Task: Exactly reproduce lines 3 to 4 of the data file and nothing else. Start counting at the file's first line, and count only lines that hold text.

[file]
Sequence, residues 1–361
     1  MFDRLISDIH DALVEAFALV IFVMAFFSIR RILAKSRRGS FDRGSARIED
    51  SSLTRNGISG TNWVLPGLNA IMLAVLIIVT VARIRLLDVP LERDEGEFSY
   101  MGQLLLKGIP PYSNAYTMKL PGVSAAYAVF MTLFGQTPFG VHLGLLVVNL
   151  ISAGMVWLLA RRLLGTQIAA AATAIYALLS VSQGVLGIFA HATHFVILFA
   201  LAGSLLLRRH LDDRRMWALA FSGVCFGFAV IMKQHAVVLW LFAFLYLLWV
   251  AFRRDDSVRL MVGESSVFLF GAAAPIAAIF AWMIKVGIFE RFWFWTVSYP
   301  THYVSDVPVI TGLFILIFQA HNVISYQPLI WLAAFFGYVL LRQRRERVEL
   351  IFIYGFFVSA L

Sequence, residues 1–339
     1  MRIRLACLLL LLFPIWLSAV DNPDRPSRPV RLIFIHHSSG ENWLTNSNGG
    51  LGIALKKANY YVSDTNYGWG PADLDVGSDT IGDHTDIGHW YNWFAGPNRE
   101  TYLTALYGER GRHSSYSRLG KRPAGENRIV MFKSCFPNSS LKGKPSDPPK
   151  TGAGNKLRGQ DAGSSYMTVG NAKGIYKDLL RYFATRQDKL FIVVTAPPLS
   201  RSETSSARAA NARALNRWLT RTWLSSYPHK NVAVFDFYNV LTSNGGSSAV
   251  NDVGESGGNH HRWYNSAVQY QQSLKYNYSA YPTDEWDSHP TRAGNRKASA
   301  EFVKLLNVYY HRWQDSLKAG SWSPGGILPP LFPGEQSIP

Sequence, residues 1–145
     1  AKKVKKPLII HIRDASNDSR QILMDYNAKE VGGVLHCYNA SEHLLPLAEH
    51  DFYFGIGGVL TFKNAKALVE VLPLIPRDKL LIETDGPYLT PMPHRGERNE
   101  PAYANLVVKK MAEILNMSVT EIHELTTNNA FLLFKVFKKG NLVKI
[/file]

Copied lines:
    51  SSLTRNGISG TNWVLPGLNA IMLAVLIIVT VARIRLLDVP LERDEGEFSY
   101  MGQLLLKGIP PYSNAYTMKL PGVSAAYAVF MTLFGQTPFG VHLGLLVVNL